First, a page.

At Wyken Hall, (pictured above) an Elizabethan manor house and estate in rural Suffolk, we find in the surrounding landscape “a lively combination of classic charm and originality.” Here the rose garden holds over 60 varieties with the pastel shades of the roses matched by the hues of delphiniums, astrantias and alliums.
In Cambridgeshire, Elton Hall (pictured banner above) has been in the same family for more than 300 years. The current residents of this beautiful house are Sir William and Lady Meredyth Proby, described by the author “as modern, pragmatic yet undeniably creative custodians” who faced the daunting task of creating a modern garden that accommodates the hall’s two distinct faces – one matching the Grade 1 listed building for grandeur and one offering a feeling of warmth and intimacy. Lady Proby has achieved this with “brio” making for a rich experience when exploring this newly revived garden.
I certainly wanted to linger at Polstead Mill, in Suffolk and found my kind of garden at Kirtling Tower in Cambridgeshire. Here can be found a real secret garden – a hidden space boasting deep, curving borders of shrubs and trees – containing specimens of oak, dawn redwood and a rare alder.
However, not all the gardens in the book are large or substantial. In the centre of Cambridge, for example, passers-by are unaware of an oasis behind the high walls of an artisan cottage. This tiny town garden opens once a year under the National Garden Scheme and for a couple of weeks in July. John Tordoff and his partner Maurice Reeve decided to swap a more ambitious garden in Umbria for the tiny plot in Cambridge so that they could be close to the buzz of the city’s cultural centre. The results are literally jaw dropping.
A pleasure to read, a pleasure to browse through and a pleasure to enjoy the wonderful photography perfectly encapsulating each garden’s style and spirit. The author writes in a friendly and warm style and her plant information is spot on.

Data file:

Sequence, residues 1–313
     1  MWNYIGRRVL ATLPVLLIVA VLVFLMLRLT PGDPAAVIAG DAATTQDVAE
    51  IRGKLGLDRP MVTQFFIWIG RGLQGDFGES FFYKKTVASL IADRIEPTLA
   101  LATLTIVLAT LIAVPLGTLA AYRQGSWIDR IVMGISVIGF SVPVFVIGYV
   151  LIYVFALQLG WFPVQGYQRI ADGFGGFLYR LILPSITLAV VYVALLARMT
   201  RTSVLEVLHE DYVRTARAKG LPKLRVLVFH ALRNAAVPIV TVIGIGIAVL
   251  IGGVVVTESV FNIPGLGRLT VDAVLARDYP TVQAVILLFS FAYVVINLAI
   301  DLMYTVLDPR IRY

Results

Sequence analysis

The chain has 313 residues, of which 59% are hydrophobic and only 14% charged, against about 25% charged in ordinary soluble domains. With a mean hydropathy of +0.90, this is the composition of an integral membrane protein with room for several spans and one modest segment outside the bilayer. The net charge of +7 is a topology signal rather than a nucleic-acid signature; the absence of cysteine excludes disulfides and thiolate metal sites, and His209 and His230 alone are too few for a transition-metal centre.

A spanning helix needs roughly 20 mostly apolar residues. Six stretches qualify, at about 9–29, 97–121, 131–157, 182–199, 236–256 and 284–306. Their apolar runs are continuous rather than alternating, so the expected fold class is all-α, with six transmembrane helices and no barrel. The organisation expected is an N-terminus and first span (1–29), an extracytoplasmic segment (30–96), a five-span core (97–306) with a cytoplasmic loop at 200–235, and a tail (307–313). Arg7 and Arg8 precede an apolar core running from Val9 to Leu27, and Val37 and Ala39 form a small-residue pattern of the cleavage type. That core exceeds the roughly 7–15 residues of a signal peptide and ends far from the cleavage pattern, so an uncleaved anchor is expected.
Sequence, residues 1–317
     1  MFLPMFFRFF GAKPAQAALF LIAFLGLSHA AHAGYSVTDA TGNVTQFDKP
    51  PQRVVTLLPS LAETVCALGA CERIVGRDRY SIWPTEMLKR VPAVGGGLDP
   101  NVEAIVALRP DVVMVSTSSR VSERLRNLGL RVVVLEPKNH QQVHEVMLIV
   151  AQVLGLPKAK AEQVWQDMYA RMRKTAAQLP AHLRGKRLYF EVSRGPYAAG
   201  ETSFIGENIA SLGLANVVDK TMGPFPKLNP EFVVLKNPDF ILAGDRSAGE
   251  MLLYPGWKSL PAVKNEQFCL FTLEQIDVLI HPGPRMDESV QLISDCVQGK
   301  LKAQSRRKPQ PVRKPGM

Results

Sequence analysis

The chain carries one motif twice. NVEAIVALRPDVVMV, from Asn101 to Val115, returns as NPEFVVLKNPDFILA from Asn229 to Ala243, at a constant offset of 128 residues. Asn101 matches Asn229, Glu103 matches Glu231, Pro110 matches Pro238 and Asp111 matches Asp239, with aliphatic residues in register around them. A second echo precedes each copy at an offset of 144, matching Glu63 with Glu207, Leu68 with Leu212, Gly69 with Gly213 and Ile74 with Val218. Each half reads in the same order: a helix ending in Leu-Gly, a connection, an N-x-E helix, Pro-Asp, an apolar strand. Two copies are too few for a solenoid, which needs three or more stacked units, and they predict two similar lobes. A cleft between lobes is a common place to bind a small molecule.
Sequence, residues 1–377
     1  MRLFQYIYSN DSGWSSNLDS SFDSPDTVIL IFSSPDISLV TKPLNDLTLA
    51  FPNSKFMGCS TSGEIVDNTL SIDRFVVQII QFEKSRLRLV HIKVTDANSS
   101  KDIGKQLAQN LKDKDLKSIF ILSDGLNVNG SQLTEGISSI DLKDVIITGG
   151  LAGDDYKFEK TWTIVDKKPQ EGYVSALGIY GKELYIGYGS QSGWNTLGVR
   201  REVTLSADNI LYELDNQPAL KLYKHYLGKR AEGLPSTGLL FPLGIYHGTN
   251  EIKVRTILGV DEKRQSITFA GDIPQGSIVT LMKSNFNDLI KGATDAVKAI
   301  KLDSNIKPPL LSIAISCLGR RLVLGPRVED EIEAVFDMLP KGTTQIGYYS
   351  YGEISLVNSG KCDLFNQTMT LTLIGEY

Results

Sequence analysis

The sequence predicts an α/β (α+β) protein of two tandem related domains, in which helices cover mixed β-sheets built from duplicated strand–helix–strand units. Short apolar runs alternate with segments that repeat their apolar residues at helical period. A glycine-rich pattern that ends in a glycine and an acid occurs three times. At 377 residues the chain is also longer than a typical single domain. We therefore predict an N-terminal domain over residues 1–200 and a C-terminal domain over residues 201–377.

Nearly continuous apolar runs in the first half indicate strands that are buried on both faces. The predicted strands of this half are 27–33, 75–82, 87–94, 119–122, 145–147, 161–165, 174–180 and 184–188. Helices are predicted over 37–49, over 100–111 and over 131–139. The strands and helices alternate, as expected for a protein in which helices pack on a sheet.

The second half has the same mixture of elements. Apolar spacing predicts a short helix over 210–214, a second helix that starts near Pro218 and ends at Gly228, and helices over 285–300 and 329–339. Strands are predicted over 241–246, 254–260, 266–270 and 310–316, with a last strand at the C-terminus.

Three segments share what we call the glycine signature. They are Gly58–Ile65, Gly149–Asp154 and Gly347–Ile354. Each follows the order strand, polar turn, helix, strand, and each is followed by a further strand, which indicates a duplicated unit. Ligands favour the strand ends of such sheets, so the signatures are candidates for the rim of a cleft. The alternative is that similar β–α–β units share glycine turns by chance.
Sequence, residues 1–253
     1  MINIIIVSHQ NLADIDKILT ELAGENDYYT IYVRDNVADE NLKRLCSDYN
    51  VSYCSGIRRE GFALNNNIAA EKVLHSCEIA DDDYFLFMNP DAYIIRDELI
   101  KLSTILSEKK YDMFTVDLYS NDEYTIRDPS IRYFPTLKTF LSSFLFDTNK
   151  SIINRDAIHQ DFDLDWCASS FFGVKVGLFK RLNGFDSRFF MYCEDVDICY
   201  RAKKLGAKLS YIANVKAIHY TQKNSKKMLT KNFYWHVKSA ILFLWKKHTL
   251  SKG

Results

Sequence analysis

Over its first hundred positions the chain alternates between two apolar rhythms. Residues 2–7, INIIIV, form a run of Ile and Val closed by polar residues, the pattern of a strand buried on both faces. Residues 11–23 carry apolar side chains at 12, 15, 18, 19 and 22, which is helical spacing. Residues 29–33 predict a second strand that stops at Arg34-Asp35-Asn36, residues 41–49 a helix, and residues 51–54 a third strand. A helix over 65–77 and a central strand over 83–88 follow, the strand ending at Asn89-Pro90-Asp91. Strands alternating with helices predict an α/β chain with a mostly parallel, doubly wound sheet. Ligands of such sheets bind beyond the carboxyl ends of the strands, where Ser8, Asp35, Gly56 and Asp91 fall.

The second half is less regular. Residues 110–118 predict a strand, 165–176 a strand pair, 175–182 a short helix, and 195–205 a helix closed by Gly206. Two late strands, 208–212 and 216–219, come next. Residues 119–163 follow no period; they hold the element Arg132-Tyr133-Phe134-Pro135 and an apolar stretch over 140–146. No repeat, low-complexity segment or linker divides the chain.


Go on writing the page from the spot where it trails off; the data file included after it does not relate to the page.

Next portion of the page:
At the time of publication 21 of the 22 gardens are open to the public at some time during the year, and garden opening information is given at the back of the book as well as a useful map to help with planning visits.(pictured right: Barnards Farm).
Barbara Segall is a well-known horticulturist and garden writer. She is editor of The Horticulturist, and of Herbs, the magazine for The Herb Society. She is also the author of a number of gardening books including the Ultimate Herb Gardener and Gardens of Spain and Portugal. She lives in Suffolk and writes regularly on gardens, gardeners and garden style for magazines and her own blog at www.thegardenpost.com
The late Marcus Harpur was a contributing photographer to the RHS Garden Plant Selector and the Colourful Gardening Series as well as principal photographer on titles such as How to Garden and The English Country House Garden. His photography in this book will be a constant reminder of his special talent and insight.
‘Secret Gardens of East Anglia’ by Barbara Segall, with photography by Marcus Harpur is published in hardback by Frances Lincoln – www.quartoknows.com – at £20 and will be available in bookshops from 7th September, 2017 or to pre-order on Amazon.
Review copy kindly supplied by the publishers.
Photo credits: All photographs are ©2017 Marcus Harpur